Thursday, June 30, 2011

Orzo w/Roasted Beets, Toasted Walnuts and Blue Cheese (with Orange Thyme Dressing)

Getting Over the Blues

I don't know if it was a psychological block to a "moldy cheese," or the much-too pungent taste of the varieties I had tried in the past, but blue cheese is the one that has been neglected over the years by this cheese lover... until now. I don't know what came over me the other day, but I found myself in the cheese section of Trader Joe's eyeing the blues (and to be honest, actually craving it). I wanted to make something for a going away party I was attending that evening and was inspired by the leftover roasted beets that I had made for dinner the night before. The wheels started turning -the mild flavor of roasted beets would pair well with the blue cheese, toasted walnuts would add some texture, and an orange-based dressing would play perfectly to offset the potent flavor of the blue cheese.

Orzo Salad:

1 16 oz. box orzo
2 medium roasted beets*, peeled and sliced.
1/2 cup crumbled blue cheese
1/2 cup toasted walnuts
Orange thyme dressing (see below)

Cook one 16 oz. box of orzo, according to package. Rinse, drain and allow to cool. To toast walnuts, add them to a heated dry skillet and cook at medium-high for about 3-5 minutes, stirring them frequently so they don't burn. Allow to cool.

In serving dish, mix in about 1/2 cup of the dressing with the cooked orzo. Stir in 1/4 cup blue cheese and 1/4 cup toasted walnuts. Lightly fold in the sliced beets. Note: Your orzo will likely turn pink - I rinsed and dried my roasted beets, but it still turned my salad into a dish fit for Valentine's Day. Top with remaining blue cheese and walnuts. Drizzle with another 1/4 cup of the dressing. Serve chilled or at room temperature.

Orange Thyme Dressing:

1/3 cup orange juice
1/3 cup white balsamic vinegar
1/3 cup olive oil
3 tbs fresh lemon juice
1 tsp fresh thyme leaves, dried and crushed
1/2 tsp fresh mint, dried and crushed
salt and fresh ground pepper to taste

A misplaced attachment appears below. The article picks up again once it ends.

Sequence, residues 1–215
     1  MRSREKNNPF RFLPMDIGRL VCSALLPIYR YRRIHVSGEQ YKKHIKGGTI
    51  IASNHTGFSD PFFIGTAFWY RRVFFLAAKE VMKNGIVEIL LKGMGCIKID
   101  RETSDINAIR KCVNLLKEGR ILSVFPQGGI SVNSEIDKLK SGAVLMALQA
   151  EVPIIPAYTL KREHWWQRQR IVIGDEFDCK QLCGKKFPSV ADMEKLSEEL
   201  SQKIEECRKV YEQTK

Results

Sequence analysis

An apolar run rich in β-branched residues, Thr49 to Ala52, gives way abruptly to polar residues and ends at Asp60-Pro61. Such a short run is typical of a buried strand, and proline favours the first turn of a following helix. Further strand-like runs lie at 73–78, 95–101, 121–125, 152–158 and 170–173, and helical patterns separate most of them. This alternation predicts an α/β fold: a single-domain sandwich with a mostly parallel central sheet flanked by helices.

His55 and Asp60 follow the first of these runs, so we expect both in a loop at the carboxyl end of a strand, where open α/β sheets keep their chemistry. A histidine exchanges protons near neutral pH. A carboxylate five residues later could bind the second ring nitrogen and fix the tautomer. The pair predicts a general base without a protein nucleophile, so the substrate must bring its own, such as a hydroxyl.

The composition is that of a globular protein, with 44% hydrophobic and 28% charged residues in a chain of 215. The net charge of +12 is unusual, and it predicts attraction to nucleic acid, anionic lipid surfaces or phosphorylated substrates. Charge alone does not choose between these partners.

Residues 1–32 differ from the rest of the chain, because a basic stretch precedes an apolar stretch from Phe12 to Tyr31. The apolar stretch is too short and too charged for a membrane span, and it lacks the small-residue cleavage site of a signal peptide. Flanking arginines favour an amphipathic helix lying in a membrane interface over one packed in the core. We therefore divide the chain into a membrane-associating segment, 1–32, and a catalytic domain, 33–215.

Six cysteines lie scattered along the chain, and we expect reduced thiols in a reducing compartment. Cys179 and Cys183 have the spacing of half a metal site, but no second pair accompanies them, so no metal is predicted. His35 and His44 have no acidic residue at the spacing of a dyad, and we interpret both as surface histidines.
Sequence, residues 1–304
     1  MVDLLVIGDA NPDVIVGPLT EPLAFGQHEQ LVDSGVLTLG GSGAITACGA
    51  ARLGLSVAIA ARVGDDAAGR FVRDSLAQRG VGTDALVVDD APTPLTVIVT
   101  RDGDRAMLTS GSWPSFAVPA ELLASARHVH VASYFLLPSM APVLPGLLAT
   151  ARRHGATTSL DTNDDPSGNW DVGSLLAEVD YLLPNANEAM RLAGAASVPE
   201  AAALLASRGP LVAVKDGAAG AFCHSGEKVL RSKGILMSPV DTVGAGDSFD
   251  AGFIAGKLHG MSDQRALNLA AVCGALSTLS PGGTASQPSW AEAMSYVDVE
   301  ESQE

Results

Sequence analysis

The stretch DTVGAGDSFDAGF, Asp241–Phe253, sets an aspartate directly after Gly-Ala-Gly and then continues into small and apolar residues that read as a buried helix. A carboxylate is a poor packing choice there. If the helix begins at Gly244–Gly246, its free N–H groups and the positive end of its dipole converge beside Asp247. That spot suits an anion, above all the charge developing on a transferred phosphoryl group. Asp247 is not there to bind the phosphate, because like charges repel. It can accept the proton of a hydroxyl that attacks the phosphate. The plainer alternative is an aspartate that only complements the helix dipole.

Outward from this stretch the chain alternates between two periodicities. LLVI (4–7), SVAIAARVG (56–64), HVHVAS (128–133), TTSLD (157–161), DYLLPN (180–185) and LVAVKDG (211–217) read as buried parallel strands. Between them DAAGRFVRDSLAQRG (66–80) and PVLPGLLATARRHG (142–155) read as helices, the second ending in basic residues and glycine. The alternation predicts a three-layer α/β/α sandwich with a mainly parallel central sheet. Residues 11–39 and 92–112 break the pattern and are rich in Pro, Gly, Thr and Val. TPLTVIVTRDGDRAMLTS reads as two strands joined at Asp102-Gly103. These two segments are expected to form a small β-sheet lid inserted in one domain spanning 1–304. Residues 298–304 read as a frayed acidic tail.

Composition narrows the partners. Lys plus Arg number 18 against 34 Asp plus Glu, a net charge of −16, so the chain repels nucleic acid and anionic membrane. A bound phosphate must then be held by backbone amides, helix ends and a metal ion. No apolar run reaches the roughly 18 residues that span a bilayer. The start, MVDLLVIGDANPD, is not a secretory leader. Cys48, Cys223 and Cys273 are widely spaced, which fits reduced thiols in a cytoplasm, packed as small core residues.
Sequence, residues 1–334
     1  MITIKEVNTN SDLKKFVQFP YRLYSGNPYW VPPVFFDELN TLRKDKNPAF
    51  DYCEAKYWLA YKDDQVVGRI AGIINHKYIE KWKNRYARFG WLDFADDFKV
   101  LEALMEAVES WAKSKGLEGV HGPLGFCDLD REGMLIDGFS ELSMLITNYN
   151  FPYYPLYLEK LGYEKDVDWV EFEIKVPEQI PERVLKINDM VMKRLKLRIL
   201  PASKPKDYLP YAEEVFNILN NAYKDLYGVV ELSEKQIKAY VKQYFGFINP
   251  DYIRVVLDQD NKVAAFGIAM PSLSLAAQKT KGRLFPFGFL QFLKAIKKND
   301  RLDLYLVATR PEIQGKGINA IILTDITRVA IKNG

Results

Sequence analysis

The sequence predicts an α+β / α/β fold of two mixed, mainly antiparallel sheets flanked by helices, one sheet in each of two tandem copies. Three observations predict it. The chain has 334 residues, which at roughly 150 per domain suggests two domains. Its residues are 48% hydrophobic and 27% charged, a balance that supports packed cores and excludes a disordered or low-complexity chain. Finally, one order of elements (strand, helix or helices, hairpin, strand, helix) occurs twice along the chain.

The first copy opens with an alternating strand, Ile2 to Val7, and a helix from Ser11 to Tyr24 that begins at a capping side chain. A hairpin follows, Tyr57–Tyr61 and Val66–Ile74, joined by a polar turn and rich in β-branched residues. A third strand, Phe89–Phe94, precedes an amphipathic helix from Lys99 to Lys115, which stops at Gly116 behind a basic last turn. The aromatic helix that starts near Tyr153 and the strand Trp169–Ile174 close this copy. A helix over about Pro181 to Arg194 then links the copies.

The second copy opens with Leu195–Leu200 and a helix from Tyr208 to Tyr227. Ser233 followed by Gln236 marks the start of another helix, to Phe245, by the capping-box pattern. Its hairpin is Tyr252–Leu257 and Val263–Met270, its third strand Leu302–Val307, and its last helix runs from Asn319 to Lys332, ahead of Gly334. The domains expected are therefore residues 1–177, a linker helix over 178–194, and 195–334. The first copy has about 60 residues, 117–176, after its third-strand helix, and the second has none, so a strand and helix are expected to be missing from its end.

Combine all ingredients and whisk together. Note: you might not need all of the dressing for the salad; store remaining dressing in refrigerator for up to 3-4 days.

*If you don't have roasted beets on hand: Preheat the oven to 350 degrees. Remove greens and wash beets thoroughly, leaving the skins on. Dry beets and place them in small baking dish. Cover with foil and bake for 45 to 60 minutes, or until a knife can slide easily through the beets. Allow to cool, then peel and slice.

Monday, June 27, 2011

Brussel Sprouts with Balsamic and Shaved Parmesan

I love my weekly farmer's market ritual because it continues to inspire me, to push me into unknown arenas. I grew up in a traditional Indian home, and certain foods were a mystery to me until I entered the world of college. Sure, I would hear about brussel sprouts, artichokes, asparagus, etc., but I had no idea what they tasted like, let alone how to cook them. It's amazing to me to look back at what I grew up eating and see the contrast with the wide breadth of foods I now enjoy.

This dish was inspired by a trip to the cafe Lemonade in Brentwood; I still haven't eaten there, but the array of colorful dishes in the display case looked delicious!

1 lb brussel sprouts
3 tbs extra-virgin olive oil
3 cloves garlic, smashed
1 tsp crushed red pepper
balsamic vinegar
shaved parmesan
salt to taste

Boil brussel sprouts in salted water for 2-3 minutes. Drain and pat dry. Cut brussel sprouts in half. Heat oil in skillet and add garlic and brussel sprouts. Cook over high heat for 1 minute. Add crushed red pepper, 2 tbs balsamic vinegar, salt to taste. Cook over medium heat, stirring occasionally until browned and tender. Transfer to bowl.

Let cool for a few minutes, then toss with 1 tbs balsamic and shaved parmesan. Serve while still warm.

Thursday, June 16, 2011

Frittata Al Fresco

Dinner ready. Lounge playlist set. A perfect Friday evening.